thinking theology

In change, wisdom

Let me hear the question that teaches me to hear the question

I pray that the God of our Lord Jesus Christ, the Source of glory, may give you a spirit of wisdom and revelation as you come to know him, so that, with the eyes of your intentions and commitment enlightened you may know what is the hope to which he has called you…. (Ephesians 1:15-23)

What was Paul suggesting to the community of the Way, the disciples of the resurrection? The first thing to unpack in this excerpt is that heart in Greek has less to do with feelings and more to do with moral character and resolve. 

The other comment to consider is the nature of wisdom and revelation. Wisdom traditionally means the capacity to learn from teachings, teachers,  and experience. To be wise in Hebrew Scriptures requires humility, discipline, and trust in the Holy One, regardless of the circumstances of our lives at any given time. 

Revelation, rather than being what we learn, relates more to our awareness of the working of the Spirit; it lies in our openness to recognizing the Holy and the activity of holiness in our midst. 

Paul and the early church were working through what it meant to feel this mysterious but powerful calling to Christ, and how to understand this calling in the light of their traditions. For Jews, Christ sounded like many of the Wisdom teachers. They recognized him as a rabbi. He embodied the qualities of humility, discipline, and trust that were the hallmarks of the enlightened person. His capacity for compassion and inclusivity challenged those first churches to be courageous, audacious even, in expressing their calling. 

This new sect of Judaism found its faith to be a way of life, more than a set of doctrines or cultural rules. In many ways, I think they could hear the message of the prophets in these new expressions of faith. They re-invented or dismissed practices that collided with the mandate to love, to connect, to tell the good news of the power of life, and the power of freedom from fear and guilt.  It must have been an incredible struggle as they sorted through what they valued, what had defined them and what they they were becoming. It is clear that Paul, too, was prodded by competing questions about traditional practice and worried about what to keep and what to release. 

Despite the condemnation of Rome and others with power, people were drawn initially to the spirit of liberation and compassion that prevailed in those first communities. Even with the enthusiasm of converts, however, the fledgling communities had difficulty maintaining their focus.If you read the first chapters of the book of revelations, you will see that they too had failures and confusion about their mission.

The church became an institution, then we became a failing institution, because we forgot the Way, we forgot our purpose; we lost our moral imperative. Whenever we find ourselves in trying times, we need to remember that historically, when we forget our task: to be bearers of compassion, to be orators of hope, to love everyone, we are failing. There is only one way and it will always be blessed with the presence of the Risen Christ, not up in the sky but in the lives and faces of others. Our spiritual focus must be fixed on the sacred in the ordinary, on an openness to revelation, and a conviction that it is in sacrifice that we find wealth.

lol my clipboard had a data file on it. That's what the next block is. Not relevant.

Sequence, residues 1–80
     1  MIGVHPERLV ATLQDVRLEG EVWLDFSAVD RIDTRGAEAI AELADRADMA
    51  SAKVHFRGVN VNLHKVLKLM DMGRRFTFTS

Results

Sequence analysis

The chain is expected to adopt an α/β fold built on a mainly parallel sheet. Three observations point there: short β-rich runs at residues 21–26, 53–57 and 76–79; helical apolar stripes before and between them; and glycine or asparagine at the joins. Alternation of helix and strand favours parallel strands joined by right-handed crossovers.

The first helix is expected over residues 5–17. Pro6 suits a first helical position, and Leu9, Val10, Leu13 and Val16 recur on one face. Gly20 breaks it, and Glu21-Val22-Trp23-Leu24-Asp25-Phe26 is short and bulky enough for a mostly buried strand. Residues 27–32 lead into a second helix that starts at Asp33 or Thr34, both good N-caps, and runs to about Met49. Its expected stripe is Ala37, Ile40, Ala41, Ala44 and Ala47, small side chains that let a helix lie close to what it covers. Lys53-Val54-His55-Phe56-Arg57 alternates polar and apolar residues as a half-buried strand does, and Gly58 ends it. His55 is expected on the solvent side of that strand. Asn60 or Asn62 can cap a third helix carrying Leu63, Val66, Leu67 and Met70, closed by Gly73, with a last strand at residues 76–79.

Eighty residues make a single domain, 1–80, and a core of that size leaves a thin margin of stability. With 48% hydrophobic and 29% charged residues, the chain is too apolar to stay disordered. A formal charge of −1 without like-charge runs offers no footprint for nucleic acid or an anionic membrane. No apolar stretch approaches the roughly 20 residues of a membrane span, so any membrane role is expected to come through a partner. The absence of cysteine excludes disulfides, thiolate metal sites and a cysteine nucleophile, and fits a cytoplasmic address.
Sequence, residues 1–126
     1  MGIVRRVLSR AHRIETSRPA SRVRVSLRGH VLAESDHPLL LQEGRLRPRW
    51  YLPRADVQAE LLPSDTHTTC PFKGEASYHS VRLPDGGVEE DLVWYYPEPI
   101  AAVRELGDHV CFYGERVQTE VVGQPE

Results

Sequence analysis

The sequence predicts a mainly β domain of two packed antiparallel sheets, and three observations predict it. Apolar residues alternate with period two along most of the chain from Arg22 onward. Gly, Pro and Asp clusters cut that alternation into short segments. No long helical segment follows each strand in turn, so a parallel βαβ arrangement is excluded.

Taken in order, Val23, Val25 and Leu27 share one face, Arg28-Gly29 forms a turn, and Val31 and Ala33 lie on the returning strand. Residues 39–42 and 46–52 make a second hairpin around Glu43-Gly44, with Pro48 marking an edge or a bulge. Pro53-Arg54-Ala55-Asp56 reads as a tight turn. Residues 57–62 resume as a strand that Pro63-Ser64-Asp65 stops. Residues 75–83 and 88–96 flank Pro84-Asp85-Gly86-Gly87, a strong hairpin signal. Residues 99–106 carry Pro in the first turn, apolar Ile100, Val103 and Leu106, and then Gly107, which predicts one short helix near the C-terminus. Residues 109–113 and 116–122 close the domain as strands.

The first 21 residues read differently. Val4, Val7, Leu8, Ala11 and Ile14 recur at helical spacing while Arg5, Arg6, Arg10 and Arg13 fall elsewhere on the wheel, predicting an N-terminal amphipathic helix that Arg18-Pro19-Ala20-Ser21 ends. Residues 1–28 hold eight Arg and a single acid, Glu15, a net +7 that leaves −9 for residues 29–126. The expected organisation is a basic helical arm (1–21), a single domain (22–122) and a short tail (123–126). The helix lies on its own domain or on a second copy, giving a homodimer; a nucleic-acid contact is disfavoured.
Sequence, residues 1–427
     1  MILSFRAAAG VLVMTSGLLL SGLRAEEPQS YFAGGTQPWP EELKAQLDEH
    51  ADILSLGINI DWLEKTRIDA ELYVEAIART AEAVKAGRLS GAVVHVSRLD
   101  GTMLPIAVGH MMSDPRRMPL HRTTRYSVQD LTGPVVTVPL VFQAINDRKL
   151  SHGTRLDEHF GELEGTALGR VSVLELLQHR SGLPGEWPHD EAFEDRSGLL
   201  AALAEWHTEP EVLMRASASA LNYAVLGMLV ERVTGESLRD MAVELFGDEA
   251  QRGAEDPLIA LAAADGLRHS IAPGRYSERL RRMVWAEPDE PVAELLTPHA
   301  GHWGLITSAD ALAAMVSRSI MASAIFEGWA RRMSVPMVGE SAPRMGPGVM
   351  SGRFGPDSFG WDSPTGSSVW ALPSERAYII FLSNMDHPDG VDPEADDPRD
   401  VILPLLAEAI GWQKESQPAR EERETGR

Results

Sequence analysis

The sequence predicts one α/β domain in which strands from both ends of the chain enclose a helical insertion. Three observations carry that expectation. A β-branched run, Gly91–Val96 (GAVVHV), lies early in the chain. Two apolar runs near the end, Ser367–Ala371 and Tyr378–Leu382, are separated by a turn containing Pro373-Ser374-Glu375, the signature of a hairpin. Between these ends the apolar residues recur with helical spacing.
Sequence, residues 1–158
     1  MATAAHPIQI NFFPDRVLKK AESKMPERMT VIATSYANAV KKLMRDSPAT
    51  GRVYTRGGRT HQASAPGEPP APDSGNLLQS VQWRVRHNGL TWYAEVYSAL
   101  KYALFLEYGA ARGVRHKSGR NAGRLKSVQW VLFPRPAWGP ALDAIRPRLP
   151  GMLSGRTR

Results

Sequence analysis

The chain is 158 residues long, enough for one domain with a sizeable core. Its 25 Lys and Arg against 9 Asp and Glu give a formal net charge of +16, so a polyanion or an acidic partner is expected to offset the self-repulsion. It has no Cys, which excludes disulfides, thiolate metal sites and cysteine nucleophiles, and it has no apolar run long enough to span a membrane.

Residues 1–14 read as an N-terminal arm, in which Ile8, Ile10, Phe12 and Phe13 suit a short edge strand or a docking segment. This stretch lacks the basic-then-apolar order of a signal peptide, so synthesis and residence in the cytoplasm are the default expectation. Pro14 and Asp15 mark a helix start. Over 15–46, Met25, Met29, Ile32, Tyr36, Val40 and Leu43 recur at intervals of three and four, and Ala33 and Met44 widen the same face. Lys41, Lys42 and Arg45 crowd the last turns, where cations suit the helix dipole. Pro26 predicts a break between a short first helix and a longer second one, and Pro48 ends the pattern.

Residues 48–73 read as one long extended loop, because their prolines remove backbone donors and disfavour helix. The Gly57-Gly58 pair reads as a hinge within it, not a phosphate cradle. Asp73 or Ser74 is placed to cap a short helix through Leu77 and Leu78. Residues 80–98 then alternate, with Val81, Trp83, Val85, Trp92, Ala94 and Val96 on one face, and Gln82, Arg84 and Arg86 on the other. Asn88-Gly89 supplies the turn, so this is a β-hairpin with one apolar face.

The hope to which we in the church have been called is to believe, with passionate fervour, that when we are in error we will be winnowed until we get it right again. And when we are serving the one who loved all people, we will experience the abiding presence of love and life, community and peace.  

A prayer for Wisdom

Holy Wisdom, Sophia,
Word that is both intention and action
Be our guide
Teach us you truth, our experience broadened
by your insight, the breath that is Divine

In your gaze across the millennia,
The birth of and death of
Stars and civilizations.

Show us the holiness that began with you
That leads us to completion and new birth
Teach us to be slow as mountains and trees in knowing,
and quick to learn from your sacred teachers,
Who wear the marks of compassion and courage

Be our gateway and our companion
through our lives and throughout the
Garden of our world
May we learn Wisdom, the heart of the Maker
And the Spirit of Jesus

 

The Playground of the Gods

Ainu (Indigenous people of Northern Japan) totem located in Kushiro Park,Burnaby Mountain, BC. This is one of a group of beautiful sculptures that make up The Playground of the Gods envisioned and realized by Toko Nuburi, an Ainu woodcarver. Kushiro, Japan is the sister city of Burnaby, BC.

Advertisements

Leave a Reply

Fill in your details below or click an icon to log in:

WordPress.com Logo

You are commenting using your WordPress.com account. Log Out /  Change )

Google+ photo

You are commenting using your Google+ account. Log Out /  Change )

Twitter picture

You are commenting using your Twitter account. Log Out /  Change )

Facebook photo

You are commenting using your Facebook account. Log Out /  Change )

w

Connecting to %s

%d bloggers like this: